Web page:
But my freedom of speech, especially my freedom to make fun of other people’s religion, this is something I hold sacred.
And even if the government tells me some day down the line that I need to, for a little while, give up my freedom of speech for the cause (I know, it can never happen here), I will gladly hand over that right to defeat an enemy who would rather take it away from me by force.
The second of my two-part critique of Canadian democracy is up at Provocative Penguin. The first can be found here. This one deals with the misguided reforms proposed in the Fair Elections Act earlier this year, and the need to implement proportional representation to ensure that every vote counts.
Something strange always happens on an election night. In the weeks building up to it a barrage of stump speeches, photo-ops, and debates are accompanied by a series of polls which are meant to indicate who is winning, who is losing, and what the electorate is thinking.
But when voters come home from the polling stations and turn to their television sets to watch the live election coverage, the polls have become irrelevant. The rules have changed. The relative success of each party’s campaign performance is no longer measured by the overall amount of voters who support them, but by which ridings their supporters are concentrated in.
Occasionally, the popular vote will be displayed onscreen, but only when there is no new data to report, and the anchors get bored.
Head on over to Provocative Penguin, where the first of my two-part critique of Canadian democracy:
…when the Harper government introduced two controversial bills this year–C-13, the cyberbullying bill; and S-4, the Digital Privacy Act–opposition MPs were able to do little more than join the chorus of privacy experts, commissioners, and the media in decrying the legislation.
By chance, the Supreme Court made a ruling last month in R. v Spencer, a child pornography case, which undermined the government’s legal argument behind sharing personal data of internet subscribers, a practice which would likely have become more prevalent under both bills before the ruling.
While the court satisfied Harper’s critics, it remains an indictment of the electoral system when we must rely on unelected levers to check the power of a party most Canadians did not vote for.
Read the rest at Provocative Penguin.
Yesterday it was announced that The Grid would be publishing its last issue ever. It was met with universal dismay by Toronto media and probably anyone who hopes to make a living in the industry, not to mention its readership.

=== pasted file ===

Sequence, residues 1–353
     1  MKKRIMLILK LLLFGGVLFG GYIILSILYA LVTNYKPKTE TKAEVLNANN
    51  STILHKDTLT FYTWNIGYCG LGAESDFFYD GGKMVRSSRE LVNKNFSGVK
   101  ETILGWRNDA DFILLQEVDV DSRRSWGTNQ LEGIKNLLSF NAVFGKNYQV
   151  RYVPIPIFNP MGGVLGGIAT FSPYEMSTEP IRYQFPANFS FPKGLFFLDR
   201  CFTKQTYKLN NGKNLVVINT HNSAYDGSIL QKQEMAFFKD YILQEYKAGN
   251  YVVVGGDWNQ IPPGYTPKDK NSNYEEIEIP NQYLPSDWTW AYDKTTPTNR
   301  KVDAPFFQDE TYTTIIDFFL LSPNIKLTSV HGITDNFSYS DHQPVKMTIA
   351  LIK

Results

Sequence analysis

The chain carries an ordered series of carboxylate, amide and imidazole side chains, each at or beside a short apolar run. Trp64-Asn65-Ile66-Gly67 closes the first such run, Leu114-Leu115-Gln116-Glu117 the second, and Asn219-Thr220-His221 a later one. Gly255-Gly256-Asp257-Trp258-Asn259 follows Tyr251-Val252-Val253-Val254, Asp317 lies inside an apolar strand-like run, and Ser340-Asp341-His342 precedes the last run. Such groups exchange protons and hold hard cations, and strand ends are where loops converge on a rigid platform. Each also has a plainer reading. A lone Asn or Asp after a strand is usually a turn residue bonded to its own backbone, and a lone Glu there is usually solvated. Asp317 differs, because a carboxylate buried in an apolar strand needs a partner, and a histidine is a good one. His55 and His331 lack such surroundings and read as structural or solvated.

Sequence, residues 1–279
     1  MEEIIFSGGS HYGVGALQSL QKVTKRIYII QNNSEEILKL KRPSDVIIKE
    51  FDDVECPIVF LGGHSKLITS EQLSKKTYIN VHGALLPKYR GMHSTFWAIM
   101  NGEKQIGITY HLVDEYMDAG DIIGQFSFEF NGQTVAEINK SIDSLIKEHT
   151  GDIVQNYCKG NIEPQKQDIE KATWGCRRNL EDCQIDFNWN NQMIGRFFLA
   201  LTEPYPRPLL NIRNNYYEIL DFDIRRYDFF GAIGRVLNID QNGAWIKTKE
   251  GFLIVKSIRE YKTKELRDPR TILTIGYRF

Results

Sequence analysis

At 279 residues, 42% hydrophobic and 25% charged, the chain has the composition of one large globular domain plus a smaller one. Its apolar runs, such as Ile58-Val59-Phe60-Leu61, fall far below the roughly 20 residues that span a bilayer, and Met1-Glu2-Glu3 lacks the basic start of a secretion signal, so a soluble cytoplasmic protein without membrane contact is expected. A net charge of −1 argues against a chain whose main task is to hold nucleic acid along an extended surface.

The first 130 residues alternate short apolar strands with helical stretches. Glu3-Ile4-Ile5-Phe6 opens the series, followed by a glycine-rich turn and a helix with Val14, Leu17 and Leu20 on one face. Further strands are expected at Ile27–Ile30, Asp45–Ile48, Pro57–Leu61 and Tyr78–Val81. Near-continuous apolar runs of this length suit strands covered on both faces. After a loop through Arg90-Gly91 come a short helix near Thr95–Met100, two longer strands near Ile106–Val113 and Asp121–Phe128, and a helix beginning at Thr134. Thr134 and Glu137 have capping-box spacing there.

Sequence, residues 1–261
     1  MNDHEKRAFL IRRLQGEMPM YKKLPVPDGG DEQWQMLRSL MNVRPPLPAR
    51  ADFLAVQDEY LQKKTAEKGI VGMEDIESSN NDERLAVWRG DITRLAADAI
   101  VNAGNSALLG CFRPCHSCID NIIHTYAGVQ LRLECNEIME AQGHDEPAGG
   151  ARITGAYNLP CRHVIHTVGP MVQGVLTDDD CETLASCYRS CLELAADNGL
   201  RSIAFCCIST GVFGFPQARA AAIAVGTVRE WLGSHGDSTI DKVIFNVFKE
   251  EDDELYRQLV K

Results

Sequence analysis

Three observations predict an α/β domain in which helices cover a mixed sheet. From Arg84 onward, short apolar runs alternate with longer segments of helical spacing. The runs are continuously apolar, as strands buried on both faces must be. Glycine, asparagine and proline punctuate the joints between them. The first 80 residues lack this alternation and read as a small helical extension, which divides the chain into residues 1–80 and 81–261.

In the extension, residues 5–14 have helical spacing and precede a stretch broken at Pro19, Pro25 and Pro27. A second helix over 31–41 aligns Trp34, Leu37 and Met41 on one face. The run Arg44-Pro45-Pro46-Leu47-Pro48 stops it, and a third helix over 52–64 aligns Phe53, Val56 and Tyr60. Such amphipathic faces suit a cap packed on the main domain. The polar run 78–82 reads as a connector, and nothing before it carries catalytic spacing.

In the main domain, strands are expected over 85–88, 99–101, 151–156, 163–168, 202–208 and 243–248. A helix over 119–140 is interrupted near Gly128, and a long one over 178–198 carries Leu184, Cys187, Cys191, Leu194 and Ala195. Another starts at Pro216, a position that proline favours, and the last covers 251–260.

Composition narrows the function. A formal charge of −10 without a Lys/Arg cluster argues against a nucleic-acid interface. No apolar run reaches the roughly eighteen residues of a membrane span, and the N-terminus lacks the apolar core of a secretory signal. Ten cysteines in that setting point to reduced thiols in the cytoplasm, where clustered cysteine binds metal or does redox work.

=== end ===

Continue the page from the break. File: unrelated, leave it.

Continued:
News of the troubles at the Globe and Mail, by contrast, is a reassuring affirmation of karmic justice. While the newspaper’s reporters go on strike to protest the requirement that they write articles paid for by advertisers, management is erecting a fence to keep them out.
If this is the beginning of the end for the company, it could not have come sooner. A few weeks ago, it was revealed that when the Thompson family-owned paper announced its editorial board’s endorsement of Tim Hudak in the Ontario provincial election, it actually did so over the objections the editorial board who had unanimously endorsed Kathleen Wynne.
Last summer, while Canada’s Big Three telecommunications giants initiated an hysterical fear-based marketing campaign over the potential entry of Verizon into the Canadian wireless market, allegations emerged that executives at Bell Canada, which owns a minority share of the Globe, ordered its media subsidiaries to write telecom-friendly op-eds. Though the Globe and Mail was not named specifically in these allegations, it did run favorable press at the time, and the whole incident raises serious questions about journalistic integrity.
Hopefully, we will not have to go too long without the work of accomplished reporters such as Robin Doolittle, Jeffrey Simpson, Colin Freeze, among others. Already, striking writers are threatening to publish a rival publication which would appear at the URL globenation.com.
However, if the Globe becomes the latest casualty in an industry struggling to adapt to the Internet Age expectation of free content, it will not be the one to miss.